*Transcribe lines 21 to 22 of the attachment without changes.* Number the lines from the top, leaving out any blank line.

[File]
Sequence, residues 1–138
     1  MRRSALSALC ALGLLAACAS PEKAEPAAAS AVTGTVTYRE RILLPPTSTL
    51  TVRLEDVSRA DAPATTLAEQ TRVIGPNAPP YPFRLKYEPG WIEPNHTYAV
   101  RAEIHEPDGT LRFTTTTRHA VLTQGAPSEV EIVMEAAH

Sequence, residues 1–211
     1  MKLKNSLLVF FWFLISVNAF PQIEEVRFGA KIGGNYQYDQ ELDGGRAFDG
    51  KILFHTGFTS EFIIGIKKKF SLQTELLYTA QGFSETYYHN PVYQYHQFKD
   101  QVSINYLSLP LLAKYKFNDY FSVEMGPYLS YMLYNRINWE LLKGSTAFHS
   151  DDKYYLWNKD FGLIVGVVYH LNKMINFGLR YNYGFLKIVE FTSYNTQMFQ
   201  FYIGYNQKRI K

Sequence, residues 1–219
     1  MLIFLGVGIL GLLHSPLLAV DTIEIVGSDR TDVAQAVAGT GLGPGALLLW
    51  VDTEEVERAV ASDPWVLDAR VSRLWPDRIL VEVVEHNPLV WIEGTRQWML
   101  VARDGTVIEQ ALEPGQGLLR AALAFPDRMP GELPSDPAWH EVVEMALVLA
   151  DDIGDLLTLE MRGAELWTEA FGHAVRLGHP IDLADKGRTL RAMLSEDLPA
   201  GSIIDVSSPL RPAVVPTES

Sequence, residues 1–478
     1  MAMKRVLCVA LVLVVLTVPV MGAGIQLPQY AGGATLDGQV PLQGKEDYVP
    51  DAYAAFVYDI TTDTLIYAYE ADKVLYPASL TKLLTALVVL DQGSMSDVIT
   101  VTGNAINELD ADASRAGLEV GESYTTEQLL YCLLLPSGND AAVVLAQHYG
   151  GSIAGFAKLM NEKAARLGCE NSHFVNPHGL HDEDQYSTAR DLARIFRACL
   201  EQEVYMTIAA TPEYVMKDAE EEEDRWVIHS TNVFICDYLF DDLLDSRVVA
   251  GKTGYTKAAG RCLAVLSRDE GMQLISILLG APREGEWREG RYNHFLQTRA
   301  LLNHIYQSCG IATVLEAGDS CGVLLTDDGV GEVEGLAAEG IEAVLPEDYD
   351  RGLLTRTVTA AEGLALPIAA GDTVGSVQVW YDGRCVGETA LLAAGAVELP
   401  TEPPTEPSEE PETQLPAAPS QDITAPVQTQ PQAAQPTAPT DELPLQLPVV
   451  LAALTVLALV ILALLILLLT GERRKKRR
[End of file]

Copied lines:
   151  GSIAGFAKLM NEKAARLGCE NSHFVNPHGL HDEDQYSTAR DLARIFRACL
   201  EQEVYMTIAA TPEYVMKDAE EEEDRWVIHS TNVFICDYLF DDLLDSRVVA